31 May 2012
MANILA, Philippines – Good news for domestic workers. President Benigno Aquino III has signed the International Labor Organization (ILO) Convention 189 on Decent Work for Domestic Workers, while the House of Representatives passed on second reading the Kasambahay Bill or the National Domestic Workers Bill.
Labor Secretary Rosalinda Baldoz told migrant rights advocates comprising the Consultative Council on OFWs that the President signed the convention that seeks to protect and promote the rights of domestic workers on May 18, or eight days following the transmittal of the ratification instrument from the foreign affairs department. On the same day, Executive Secretary Paquito Ochoa transmitted the treaty to Senate President Juan Ponce-Enrile for the required two-thirds concurrence of the Senate.
These pieces of information were conveyed to InterAksyon.com by Ellene Sana, executive director of the Center for Migrants Advocacy, and confirmed by Philippine Overseas Employment Administration chief Hans Cacdac.
Following the President’s transmittal of the convention to the Senate, the Senate Committee on Foreign Relations should conduct ratification hearings on it, in preparation to concurring or rejecting the convention.
“The committee is chaired by Sen. Loren Legarda. We must act fast if we want the Philippines to be the second state party of the ILO to ratify the convention, next to Uruguay, (although Uruguay has not deposited yet the ratification instrument with the ILO) … The convention requires at least two ratifications to enter into force,” Sana said.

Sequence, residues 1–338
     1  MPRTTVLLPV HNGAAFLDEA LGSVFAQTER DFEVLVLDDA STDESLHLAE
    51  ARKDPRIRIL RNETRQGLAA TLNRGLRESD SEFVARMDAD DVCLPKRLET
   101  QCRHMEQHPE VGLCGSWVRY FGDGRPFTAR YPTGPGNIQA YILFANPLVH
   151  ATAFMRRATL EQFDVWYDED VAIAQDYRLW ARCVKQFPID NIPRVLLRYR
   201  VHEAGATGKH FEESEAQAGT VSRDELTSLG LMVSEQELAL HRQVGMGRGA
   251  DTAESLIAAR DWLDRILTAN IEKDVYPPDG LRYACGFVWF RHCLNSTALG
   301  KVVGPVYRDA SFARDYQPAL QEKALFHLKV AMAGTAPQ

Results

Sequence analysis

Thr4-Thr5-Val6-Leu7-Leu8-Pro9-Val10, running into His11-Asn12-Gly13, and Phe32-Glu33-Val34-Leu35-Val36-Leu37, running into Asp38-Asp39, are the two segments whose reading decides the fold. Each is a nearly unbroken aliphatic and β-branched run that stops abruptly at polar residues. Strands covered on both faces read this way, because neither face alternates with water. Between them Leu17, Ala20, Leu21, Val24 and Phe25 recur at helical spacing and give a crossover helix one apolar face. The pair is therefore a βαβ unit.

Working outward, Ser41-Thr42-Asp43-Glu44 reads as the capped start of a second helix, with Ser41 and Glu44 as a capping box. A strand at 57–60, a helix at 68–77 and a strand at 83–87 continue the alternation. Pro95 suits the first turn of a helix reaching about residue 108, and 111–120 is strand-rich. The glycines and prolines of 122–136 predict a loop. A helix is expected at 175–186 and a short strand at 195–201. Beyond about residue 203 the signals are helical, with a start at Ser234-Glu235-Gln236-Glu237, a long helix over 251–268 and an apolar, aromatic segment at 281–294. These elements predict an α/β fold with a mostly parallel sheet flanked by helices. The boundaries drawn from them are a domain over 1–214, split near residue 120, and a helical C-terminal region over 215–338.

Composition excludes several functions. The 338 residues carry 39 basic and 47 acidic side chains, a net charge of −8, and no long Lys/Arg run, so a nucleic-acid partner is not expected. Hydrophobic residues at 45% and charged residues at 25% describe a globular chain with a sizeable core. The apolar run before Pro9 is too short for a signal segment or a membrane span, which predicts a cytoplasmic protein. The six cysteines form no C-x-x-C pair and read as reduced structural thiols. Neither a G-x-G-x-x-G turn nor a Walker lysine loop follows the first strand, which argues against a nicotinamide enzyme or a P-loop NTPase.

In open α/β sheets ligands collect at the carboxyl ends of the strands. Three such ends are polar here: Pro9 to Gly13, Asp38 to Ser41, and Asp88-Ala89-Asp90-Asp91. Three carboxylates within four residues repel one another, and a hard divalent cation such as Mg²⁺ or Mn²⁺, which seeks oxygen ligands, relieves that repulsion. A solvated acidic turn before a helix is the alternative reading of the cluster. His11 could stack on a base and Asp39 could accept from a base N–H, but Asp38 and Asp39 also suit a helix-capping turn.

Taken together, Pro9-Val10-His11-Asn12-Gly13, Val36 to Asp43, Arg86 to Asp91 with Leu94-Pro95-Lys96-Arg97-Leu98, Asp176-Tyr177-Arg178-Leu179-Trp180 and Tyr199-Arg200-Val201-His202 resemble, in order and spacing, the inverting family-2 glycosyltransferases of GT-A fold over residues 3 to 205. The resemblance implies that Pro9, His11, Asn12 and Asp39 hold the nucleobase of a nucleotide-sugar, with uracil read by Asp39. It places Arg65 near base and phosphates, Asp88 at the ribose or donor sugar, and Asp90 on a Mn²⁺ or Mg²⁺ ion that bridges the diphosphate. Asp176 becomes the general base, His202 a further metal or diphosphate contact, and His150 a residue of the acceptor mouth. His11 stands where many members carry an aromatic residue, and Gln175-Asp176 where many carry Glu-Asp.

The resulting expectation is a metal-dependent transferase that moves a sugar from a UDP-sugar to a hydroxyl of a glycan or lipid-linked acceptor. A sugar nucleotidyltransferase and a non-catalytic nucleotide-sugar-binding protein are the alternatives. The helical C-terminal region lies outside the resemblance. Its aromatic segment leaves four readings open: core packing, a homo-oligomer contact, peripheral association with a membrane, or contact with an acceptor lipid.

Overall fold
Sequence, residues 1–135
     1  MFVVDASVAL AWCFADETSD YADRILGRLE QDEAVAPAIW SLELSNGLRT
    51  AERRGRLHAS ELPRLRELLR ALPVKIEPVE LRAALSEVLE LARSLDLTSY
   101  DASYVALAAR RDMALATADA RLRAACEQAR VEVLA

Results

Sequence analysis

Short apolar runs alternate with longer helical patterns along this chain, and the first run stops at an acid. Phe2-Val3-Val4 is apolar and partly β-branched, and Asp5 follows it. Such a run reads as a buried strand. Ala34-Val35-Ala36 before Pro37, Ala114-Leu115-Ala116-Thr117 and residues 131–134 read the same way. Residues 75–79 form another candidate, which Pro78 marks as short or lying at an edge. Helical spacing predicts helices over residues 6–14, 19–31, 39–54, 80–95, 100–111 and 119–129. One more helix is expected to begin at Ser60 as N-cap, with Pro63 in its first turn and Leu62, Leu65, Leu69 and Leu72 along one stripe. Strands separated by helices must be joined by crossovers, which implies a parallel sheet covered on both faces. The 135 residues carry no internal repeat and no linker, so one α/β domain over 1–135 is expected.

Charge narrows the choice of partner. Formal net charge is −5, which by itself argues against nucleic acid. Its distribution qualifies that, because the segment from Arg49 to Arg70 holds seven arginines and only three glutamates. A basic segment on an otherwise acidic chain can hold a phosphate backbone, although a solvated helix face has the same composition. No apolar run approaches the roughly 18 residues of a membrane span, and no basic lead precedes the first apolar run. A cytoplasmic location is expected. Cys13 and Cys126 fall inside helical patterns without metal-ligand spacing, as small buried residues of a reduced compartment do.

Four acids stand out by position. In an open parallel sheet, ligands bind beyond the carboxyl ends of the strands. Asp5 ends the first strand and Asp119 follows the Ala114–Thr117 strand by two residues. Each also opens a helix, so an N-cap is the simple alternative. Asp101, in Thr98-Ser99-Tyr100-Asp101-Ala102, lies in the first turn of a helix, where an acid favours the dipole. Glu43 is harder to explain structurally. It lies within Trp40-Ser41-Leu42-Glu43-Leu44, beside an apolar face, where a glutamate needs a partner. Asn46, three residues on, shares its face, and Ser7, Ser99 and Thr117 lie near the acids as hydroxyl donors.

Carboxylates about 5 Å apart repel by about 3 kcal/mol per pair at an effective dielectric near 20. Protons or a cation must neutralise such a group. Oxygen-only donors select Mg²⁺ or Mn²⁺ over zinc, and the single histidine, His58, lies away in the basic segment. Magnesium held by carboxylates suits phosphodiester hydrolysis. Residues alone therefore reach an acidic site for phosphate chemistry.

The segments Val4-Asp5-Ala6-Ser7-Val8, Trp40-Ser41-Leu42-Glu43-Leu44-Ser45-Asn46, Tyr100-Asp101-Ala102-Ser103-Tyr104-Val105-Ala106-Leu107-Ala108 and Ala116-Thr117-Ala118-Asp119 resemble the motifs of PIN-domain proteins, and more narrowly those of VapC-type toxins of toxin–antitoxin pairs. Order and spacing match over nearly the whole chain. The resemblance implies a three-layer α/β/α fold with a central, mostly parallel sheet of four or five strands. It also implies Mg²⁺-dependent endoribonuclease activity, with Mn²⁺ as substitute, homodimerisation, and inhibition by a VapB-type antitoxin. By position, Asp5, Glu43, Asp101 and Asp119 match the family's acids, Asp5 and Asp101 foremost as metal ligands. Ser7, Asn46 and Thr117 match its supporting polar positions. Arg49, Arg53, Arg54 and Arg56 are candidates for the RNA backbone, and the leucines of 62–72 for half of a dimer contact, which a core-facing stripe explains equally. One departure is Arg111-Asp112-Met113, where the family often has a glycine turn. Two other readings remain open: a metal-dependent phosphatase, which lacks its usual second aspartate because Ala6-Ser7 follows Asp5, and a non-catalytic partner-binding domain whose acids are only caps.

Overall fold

“Let us all communicate and appeal to Senator Legarda and her committee to include the ratification hearings on Convention 189 in the last three committee hearings next week on Monday, Tuesday, and Wednesday,” Sana said in an e-mail to fellow migrant rights advocates. InterAksyon.com was copy-furnished in the e-mail.
Congress will adjourn sine die from June 8 until July 22.
On the Kasambahay Bill, Sana said it is expected to be adopted on third and final reading at the Lower House on Monday. She said the bicameral conference committee that will harmonize the versions of the House and the Senate is expected either on June 5 or 6.
“Happily, the House version is quite close to the provisions of Convention 189,” Sana said.
The new ILO standards set out that domestic workers around the world, who take care of families and households, must enjoy the same basic labor rights as those available to other workers: reasonable hours of work; weekly rest of at least 24 consecutive hours; a limit on in-kind payment; clear information on terms and conditions of employment, as well as respect for fundamental principles and rights at work including freedom of association and the right to collective bargaining.
Recent ILO estimates, based on national surveys and/or censuses of 117 countries, place the number of domestic workers at around 53 million. However, experts say that due to the fact that this kind of work is often hidden and unregistered, the total number of domestic workers could be as high as 100 million. In developing countries, they make up at least 4 to 12 percent of wage employment. Around 83 percent of these workers are women or girls and many are migrant workers.
The convention defines domestic work as work performed in or for a household or households. While the new instrument covers all domestic workers, they provide for special measures to protect those workers who, because of their young age or nationality or live-in status, may be exposed to additional risks relative to their peers, among others.